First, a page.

Consumers in Europe are tackling the energy crisis by a mix of small behavioural changes in their everyday life, but also by investing in energy efficiency measures. Among age groups, younger people between 18-35 years have so far been least likely to change their behaviour in daily life to save energy. Compared to other countries, the French seem to have adapted most in their efforts to consume less energy while the most innovative consumers live in the Netherlands. These are some of the results in Vattenfall’s new energy savings barometer.
"The results show that customers perceive the energy crisis to be overcome by joint social efforts. It is the sum of small and big steps that will help to keep prices under control in the short run and transform our energy system towards a fossil free future," says Martijn Hagens, Head of Customers & Solutions and Heat at Vattenfall.
On behalf of Vattenfall, research institute Statista surveyed a total of 5,000 representatively selected consumers in Germany, Finland, France, Sweden and the Netherlands between 13 and 23 January.
According to the results, nine out of ten consumers are concerned or very concerned about the high energy prices. French consumers are worried the most, fearing that the situation will continue to worse. The Finns and the Dutch are slightly more optimistic. There, almost every second consumer believes that prices will remain the same or decrease in the future.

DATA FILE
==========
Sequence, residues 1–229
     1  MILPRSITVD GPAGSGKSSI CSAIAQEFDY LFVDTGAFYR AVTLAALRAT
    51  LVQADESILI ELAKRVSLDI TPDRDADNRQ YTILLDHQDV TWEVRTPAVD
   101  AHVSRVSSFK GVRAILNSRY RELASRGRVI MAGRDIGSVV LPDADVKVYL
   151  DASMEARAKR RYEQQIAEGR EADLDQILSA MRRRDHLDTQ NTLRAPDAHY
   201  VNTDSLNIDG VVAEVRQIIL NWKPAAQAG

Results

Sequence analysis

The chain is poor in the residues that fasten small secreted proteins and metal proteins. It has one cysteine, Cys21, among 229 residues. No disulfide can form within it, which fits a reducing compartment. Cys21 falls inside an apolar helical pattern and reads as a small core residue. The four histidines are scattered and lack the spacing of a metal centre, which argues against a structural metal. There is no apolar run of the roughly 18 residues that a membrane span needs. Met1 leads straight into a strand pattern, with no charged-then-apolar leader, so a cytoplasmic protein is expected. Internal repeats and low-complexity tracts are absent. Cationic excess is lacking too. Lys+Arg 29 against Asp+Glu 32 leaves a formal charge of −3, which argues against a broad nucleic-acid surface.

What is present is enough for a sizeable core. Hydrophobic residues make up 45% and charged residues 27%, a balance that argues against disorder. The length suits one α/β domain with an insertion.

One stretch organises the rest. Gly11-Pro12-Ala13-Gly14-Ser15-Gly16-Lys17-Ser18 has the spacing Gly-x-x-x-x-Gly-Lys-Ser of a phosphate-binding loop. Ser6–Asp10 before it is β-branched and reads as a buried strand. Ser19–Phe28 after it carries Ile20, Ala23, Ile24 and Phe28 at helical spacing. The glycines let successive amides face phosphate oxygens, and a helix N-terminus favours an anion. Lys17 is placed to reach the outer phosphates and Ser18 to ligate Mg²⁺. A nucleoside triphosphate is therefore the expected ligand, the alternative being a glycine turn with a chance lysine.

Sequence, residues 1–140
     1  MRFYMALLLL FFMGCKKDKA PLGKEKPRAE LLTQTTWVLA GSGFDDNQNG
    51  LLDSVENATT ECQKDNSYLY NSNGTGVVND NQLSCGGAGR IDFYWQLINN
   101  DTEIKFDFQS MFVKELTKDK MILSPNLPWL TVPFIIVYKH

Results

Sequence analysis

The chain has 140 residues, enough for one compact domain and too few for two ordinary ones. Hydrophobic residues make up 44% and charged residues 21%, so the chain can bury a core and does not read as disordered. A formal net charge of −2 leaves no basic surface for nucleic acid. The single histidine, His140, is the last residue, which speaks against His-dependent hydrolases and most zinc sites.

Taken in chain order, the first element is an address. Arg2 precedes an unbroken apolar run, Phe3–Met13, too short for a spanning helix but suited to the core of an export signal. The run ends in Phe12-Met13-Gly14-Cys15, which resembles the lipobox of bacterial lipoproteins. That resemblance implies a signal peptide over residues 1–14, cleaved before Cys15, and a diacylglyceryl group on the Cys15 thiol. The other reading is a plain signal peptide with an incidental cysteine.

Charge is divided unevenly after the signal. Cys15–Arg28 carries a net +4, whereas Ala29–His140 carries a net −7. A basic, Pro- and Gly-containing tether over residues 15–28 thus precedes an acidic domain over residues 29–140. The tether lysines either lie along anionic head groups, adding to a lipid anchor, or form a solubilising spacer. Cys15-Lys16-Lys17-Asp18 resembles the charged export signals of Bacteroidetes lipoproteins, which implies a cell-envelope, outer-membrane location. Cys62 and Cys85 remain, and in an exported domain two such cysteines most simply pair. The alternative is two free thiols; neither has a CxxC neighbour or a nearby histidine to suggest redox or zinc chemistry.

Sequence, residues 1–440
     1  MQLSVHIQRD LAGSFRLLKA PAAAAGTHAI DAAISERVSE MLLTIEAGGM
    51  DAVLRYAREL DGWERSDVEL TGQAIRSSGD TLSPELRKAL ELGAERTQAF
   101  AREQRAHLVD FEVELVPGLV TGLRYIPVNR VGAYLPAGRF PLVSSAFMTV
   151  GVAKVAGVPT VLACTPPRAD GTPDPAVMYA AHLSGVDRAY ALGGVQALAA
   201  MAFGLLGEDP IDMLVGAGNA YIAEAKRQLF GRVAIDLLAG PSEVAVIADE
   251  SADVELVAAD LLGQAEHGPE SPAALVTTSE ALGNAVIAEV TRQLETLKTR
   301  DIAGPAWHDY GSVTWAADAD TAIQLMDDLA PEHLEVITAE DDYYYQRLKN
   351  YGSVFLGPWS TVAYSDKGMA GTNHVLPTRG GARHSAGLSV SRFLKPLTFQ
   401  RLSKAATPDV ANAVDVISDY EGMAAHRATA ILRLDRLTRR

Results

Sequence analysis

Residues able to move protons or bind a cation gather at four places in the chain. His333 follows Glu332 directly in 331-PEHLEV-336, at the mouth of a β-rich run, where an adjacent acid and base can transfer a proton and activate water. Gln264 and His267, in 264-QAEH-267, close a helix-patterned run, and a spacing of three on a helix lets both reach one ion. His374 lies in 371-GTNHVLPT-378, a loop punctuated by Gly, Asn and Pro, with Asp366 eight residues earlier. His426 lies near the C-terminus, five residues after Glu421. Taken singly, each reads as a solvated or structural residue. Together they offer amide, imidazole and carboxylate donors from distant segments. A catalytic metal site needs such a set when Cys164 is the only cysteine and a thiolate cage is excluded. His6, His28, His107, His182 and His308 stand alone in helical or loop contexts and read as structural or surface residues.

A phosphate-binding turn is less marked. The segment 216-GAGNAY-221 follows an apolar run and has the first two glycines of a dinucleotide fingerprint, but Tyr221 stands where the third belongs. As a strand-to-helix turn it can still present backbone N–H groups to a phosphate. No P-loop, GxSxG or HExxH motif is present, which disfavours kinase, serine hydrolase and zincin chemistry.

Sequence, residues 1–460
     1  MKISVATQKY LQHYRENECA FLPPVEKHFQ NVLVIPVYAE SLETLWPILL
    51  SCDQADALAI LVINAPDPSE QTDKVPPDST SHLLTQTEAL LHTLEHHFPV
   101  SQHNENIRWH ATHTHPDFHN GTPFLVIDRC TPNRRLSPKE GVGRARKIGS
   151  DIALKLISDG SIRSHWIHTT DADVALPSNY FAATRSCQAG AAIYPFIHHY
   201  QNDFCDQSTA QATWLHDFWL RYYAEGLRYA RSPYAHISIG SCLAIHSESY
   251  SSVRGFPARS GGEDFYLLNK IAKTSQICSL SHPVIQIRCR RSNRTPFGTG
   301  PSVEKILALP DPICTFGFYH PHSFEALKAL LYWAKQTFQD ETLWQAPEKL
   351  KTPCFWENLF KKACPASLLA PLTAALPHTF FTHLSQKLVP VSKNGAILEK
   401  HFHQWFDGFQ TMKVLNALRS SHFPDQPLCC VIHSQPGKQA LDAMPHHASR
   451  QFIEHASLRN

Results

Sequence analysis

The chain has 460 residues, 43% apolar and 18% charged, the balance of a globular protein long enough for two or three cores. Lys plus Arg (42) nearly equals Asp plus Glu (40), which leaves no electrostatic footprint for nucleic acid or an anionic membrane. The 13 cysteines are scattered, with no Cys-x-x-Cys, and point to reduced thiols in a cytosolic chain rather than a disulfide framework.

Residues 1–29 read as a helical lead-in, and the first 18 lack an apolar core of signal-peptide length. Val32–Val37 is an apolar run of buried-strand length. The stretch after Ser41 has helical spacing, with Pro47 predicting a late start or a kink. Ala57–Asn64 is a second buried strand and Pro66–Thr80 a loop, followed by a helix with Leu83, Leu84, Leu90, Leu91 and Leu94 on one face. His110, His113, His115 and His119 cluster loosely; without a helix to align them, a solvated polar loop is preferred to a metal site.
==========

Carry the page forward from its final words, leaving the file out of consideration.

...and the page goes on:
Consequently, nine out of ten consumers consider it as relevant or very relevant to lower their energy consumption. This is mainly due to financial considerations: For more than 90 percent of respondents, the main motive for saving energy is to save money. Over 70 percent agree that they lower their energy use to protect natural resources while more than 65 percent do it to be less energy dependent from other countries. The French show the highest motivation to save energy for environmental and climate reasons among all five countries.
“Wholesale energy prices have gone down recently and each kilowatt hour of gas and electricity that is saved can have a positive impact,“ says Martijn Hagens.
According to newly released figures from Eurostat, gas consumption in the European Union fell by almost 20 percent between August 2022 and January 2023.
People between 18 and 35 years have so far been the least likely age group to change their behaviour in daily life to reduce energy consumption. This is a trend that can be observed in all countries. Older generations more often experienced various crises in the past. This could mean that they are more used to adapt to restrictions during certain periods. Younger people have also taken fewer investments in small-scale energy saving measures such as using LED lights compared to all other age groups. This age gap disappears among house owners, that most often invested in insulation, heating and solar panels.